how to handle great uncertainty – pursuing a masters or PhD
Here on orgtheory, we’ve discussed the many steps of the grad school process and beyond. One of the most difficult parts is deciding on the first step, whether to attend a program for a masters or PhD. The anthology Should I Go To Grad School?: 41 Answers to An Impossible Question offers 41 other perspectives on this, from those who entered programs to those who decided on alternative ventures to get what they wanted.
Duncan Watts is one of the authors of the personal essays, a version of which is excerpted here. In his essay, Watts describes his original trajectory, starting with his service in the Australian military and realizing his drive to learn more about chaos theory. After being rejected by Oxford but accepted by Cornell, he decided to leave for the US and to enter the great unknown:
I was only 22 at the time, still young enough to make major life decisions without thinking too much about them. But as I hugged my sister and my best friend good-bye that day at the airport, the enormity of what I was doing finally hit me. I’m a big guy — 6-foot-2 and more than 200 pounds — and I thought I’d been through some tough moments during my years in the Navy, but this was more than I had bargained for. I broke down and cried like a baby, right there in front of hundreds of people in the passport line. I remember feeling horribly embarrassed, but I couldn’t help it. I was leaving my whole life behind and I had no idea where I was going, how long I was going for, or what I would do when I got there.
He candidly describes the alienation of graduate school and questioning his decision to pursue a PhD, especially upon realizing that the faculty he wanted to work with had departed for elsewhere:
So here I was in a strange place with no friends, taking courses I didn’t like and teaching courses I didn’t understand, feeling totally overwhelmed and wondering how I had managed to misjudge things so badly. The only reason I didn’t head straight back home was sheer stubbornness and pride.
Luckily for Watts, finding a kindred spirit in a new, young faculty member, who soon became his adviser, was a turning point in his graduate school trajectory.
At the end, he offers three suggestions. The first of which concerns maintaining a “glass-half-full” outlook and getting the most out of the university’s offerings, including crossing disciplinary boundaries:
First, try to be positive. Grad school may be a time of great uncertainty about the future, but it is also a time when in the present you don’t have a whole lot of responsibility, you do have a lot of time to think and learn, and you are surrounded by an incredible depth and diversity of knowledge. There were academic programs at Cornell that I’d never even heard of until I got there, and once I got my feet on the ground, I started auditing classes in completely unrelated programs, such as philosophy and political science, just because I could. …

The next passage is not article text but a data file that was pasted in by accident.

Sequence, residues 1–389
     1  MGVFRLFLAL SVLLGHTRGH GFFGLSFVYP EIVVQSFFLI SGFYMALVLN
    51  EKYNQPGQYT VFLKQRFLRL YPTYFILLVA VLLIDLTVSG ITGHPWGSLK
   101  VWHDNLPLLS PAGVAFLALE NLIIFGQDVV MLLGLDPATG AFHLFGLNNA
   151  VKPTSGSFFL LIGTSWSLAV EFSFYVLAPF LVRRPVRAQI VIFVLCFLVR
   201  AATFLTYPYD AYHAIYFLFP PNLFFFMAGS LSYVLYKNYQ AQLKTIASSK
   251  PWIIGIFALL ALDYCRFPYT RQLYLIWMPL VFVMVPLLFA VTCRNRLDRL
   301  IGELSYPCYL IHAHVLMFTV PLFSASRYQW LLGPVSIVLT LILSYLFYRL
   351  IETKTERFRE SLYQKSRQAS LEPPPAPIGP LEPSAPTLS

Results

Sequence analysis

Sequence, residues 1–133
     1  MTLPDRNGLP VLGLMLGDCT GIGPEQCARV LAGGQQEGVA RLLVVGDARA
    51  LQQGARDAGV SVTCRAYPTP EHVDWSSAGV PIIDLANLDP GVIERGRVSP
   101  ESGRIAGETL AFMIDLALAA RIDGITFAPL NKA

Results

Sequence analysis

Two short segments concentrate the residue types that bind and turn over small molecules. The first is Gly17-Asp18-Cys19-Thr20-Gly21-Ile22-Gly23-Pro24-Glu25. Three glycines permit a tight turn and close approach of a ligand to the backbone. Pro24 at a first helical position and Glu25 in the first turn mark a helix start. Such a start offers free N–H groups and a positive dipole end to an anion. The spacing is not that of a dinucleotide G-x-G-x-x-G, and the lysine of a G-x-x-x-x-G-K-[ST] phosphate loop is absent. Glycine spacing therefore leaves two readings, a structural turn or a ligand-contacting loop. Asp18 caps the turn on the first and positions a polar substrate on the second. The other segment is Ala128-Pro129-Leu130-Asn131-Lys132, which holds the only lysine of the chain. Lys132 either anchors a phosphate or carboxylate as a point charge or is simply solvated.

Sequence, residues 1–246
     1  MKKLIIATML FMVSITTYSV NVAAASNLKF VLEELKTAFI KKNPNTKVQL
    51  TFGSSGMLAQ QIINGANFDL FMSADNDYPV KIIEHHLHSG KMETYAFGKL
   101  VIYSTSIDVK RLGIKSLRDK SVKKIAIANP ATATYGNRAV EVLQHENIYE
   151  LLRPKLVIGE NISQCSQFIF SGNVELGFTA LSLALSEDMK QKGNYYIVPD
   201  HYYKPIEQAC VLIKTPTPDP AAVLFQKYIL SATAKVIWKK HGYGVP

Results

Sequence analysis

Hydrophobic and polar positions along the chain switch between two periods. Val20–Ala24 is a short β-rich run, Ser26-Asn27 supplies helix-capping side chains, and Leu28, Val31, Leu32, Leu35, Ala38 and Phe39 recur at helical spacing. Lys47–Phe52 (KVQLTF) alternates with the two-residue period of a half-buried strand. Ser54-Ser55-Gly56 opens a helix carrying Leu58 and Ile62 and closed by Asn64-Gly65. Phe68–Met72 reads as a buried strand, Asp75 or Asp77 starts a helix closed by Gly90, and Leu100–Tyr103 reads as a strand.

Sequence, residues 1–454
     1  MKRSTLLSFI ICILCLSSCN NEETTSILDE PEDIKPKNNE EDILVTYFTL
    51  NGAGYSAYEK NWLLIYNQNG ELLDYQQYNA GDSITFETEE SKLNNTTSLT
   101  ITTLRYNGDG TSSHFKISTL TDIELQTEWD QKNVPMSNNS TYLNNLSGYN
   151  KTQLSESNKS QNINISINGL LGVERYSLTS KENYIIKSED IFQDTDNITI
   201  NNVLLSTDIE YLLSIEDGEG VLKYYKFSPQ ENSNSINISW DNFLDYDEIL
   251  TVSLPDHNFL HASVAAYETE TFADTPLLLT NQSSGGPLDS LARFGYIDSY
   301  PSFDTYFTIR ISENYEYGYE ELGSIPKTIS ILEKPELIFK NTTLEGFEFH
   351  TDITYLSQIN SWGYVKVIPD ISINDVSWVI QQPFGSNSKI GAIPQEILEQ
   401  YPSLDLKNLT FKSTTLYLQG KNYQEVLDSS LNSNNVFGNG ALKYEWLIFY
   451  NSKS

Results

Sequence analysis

The second suggestion is about finding a supportive mentor who can help develop “a life of the mind”:
Second, find the right adviser. Unless you meet your future spouse in grad school (which actually is not all that unlikely), the single most important relationship you are likely to have is with your adviser. So it’s important, both to your success and even more so to your happiness, to find an adviser who is a good fit for your needs. In part that means that he or she knows enough about your intended field to guide your research. But learning how to do good research is about more than just mastering certain skills or domains of knowledge. It’s also about learning how to ask an interesting question, which after a lifetime of answering questions that have been handed to you suddenly requires you to think in a whole new way. You’re going to need some help with that.
Watts’ third suggestion is finding one’s drive through research questions:
And finally, find your question. The best piece of advice that Steve [Watts’ adviser] ever gave me was that I would know I had found my question when I found myself unable to articulate why it was so interesting to me. That I could go over all the usual reasons (interesting math, practical applications, etc.), but in the end it would be something else, something that — as Steve’s mentor, the great mathematical biologist Art Winfree, told Steve — “irrationally grips you by the imagination.” …
Many of us have similar stories of the ups and downs of navigating the academy, with long quests that are not readily apparent in our official bios. However, most of us don’t have the same trajectory as Watts – in fact, Watts describes the role of chance in getting his co-authored paper into Nature, followed by a tenured position at Columbia, and he explicitly warns that aspirants only see the “winners” in a winner-take-all system:
…the odds of having a wildly successful academic career after going to grad school are about the same as the odds of becoming a movie star after studying acting. This reality is one of those obvious numerical facts that somehow many ambitious students miss until it’s too late. Because you spend most of your academic career studying the ideas of famous people and reading highly cited papers, it’s easy to fall into the trap of thinking that those are the norm, when in fact the overwhelming majority of papers receive very few citations and don’t end up in anyone’s curriculum.
This cautionary note seems to suggest that academics will have to value various outcomes (for instance, an academic career with more effort spent on teaching and mentoring students? working with the community?) – or decide whether the uncertainty is too great to bear and pursue another path.